There has been some conjecture amongst professionals regarding the merits of a personal profile on a CV. This conjecture stems from the fact that many job seekers fill there personal profiles with irrelevant and mostly clichéd information. Here at the CV & Interview Advisors, we offer free CV Appraisals, therefore see hundreds of CVs per week.
I recently reviewed 5 CVs back-to-back and was interested to find that all 5 people considered themselves to be dynamic and innovative with excellent communication skills. Having spoken to all 5 individuals, it confused me as to why 5 people, who didn’t know each other, could include almost word for word, the exact same phrase in their CV. I would guess that all 5 had found these skills on job specs and felt the need to include these words in their CV.
The problem with this theory is two fold: firstly, everyone does it and Recruiters are not stupid, they realise job seekers copy info from job specs regardless of whether they really have these skills or not; and secondly, the CV is not the vehicle for pushing behavioural competencies – that is what the interview is for!
Perhaps the confusion stems from the phrase “Personal Profile” which alludes to information about one’s personality. We would recommend that job seekers have a Professional Summary which outlines the profession in which one works, followed by 4 or 5 key areas of expertise which are aligned with the roles being applied for. See below for an example:
An experienced Project Manager (PRINCE2) with a track record of delivering £multi-million IT infrastructure projects. Areas of expertise include: understanding complex business requirements to define and execute effective project plans; the ability to manage disparate stakeholder agendas across large organisations; assembling and leading teams of up to 100 people across international jurisdictions; and extensive experience within software development and infrastructure architecture. Seeking contract-based IT Project Manager roles.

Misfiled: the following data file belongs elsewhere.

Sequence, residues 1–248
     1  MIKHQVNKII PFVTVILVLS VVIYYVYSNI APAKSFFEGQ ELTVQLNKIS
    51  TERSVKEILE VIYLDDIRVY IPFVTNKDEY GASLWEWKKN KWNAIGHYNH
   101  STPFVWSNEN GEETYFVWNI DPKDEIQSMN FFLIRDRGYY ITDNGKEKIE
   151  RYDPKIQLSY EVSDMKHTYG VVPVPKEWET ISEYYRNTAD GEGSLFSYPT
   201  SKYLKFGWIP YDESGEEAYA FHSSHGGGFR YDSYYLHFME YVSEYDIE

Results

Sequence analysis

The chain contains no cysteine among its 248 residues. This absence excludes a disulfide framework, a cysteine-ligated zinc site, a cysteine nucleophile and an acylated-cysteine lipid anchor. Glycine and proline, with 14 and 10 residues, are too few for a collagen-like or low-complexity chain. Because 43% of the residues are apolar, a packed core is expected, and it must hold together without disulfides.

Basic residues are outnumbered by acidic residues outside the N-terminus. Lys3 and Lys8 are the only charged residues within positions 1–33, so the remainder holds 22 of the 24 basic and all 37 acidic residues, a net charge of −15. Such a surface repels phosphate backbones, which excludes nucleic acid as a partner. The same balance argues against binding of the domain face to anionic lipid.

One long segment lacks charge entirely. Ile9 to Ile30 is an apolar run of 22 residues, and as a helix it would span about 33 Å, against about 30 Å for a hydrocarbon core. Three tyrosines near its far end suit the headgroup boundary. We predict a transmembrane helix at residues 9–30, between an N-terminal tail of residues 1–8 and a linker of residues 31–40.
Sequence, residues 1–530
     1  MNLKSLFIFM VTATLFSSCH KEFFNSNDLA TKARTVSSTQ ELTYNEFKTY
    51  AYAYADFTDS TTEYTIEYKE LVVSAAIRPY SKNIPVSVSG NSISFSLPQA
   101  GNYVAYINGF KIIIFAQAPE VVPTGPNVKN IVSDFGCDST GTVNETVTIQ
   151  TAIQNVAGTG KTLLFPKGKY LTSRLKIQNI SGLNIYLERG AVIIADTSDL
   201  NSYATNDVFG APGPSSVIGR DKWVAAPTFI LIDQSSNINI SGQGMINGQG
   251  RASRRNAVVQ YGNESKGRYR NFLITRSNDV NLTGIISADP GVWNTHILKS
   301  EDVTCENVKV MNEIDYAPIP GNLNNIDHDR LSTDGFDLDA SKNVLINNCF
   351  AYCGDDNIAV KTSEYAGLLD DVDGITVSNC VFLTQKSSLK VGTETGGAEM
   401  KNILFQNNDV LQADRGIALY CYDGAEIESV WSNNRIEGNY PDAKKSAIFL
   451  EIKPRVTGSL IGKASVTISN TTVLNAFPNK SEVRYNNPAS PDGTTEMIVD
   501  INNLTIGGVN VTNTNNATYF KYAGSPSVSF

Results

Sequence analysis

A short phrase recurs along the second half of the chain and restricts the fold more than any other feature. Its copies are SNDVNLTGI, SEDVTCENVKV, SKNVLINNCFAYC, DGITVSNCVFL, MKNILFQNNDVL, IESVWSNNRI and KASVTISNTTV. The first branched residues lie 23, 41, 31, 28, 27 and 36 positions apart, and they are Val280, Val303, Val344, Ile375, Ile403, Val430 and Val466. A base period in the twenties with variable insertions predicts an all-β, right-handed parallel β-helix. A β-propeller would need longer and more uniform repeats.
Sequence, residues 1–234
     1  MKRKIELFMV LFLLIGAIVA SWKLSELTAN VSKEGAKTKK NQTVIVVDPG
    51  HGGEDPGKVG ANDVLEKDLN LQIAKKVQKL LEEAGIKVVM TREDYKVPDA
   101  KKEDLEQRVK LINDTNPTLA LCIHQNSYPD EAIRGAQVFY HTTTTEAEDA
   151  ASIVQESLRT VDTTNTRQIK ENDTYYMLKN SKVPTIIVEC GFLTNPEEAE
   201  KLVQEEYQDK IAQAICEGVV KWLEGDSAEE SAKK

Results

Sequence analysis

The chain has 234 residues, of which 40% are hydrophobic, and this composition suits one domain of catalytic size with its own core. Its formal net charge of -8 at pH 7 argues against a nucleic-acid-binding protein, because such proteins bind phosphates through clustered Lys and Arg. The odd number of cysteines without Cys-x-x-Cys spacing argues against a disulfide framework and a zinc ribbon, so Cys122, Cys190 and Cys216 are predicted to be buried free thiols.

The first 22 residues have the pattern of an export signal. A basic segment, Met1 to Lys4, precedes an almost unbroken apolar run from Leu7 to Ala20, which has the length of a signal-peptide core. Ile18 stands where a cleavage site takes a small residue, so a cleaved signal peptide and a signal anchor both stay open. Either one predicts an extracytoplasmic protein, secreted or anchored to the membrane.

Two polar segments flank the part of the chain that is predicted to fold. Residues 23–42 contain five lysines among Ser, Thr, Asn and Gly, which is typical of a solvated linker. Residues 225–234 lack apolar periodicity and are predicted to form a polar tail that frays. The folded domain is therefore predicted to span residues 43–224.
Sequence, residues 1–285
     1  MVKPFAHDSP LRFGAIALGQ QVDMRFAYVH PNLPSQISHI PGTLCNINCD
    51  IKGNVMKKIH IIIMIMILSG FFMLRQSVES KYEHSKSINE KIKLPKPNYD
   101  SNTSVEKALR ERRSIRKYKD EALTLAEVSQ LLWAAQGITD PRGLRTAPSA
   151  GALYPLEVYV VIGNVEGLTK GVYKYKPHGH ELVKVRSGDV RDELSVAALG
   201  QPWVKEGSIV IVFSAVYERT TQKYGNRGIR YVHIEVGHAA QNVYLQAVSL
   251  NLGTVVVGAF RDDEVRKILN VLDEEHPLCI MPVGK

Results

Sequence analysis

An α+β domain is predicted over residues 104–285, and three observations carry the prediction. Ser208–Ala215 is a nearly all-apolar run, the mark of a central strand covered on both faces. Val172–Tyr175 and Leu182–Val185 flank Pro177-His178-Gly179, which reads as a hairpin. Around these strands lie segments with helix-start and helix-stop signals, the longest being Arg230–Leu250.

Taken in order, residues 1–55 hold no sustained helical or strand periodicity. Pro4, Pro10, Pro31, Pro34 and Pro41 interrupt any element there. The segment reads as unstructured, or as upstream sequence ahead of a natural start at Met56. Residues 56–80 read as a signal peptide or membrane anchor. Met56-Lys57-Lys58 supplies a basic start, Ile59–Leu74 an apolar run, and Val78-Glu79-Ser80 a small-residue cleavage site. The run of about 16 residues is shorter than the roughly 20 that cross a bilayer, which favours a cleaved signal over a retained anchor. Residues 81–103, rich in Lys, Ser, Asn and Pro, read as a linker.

The idea is to provide a statement which “does what is says on the tin”.
Conversely, we would not recommend behavioural skills. The most commonly used phrases have become rather clichéd and include the following:
The ability to communicate at all levels of an organisation; excellent communication skills; honest, reliable and trustworthy; hardworking; dynamic self-starter; can work in a team as well as an individual; good attention to detail; can work under pressure and to tight deadlines.
If you are unsure about the relevance of information in your CV, why not contact us for a free CV appraisal. You can email your CV to email@example.com; call us on 01274 408 222; or visit our website at www.cvandinterviewadvisors.co.uk.
By Matt Craven – Managing Director of The CV & Interview Advisors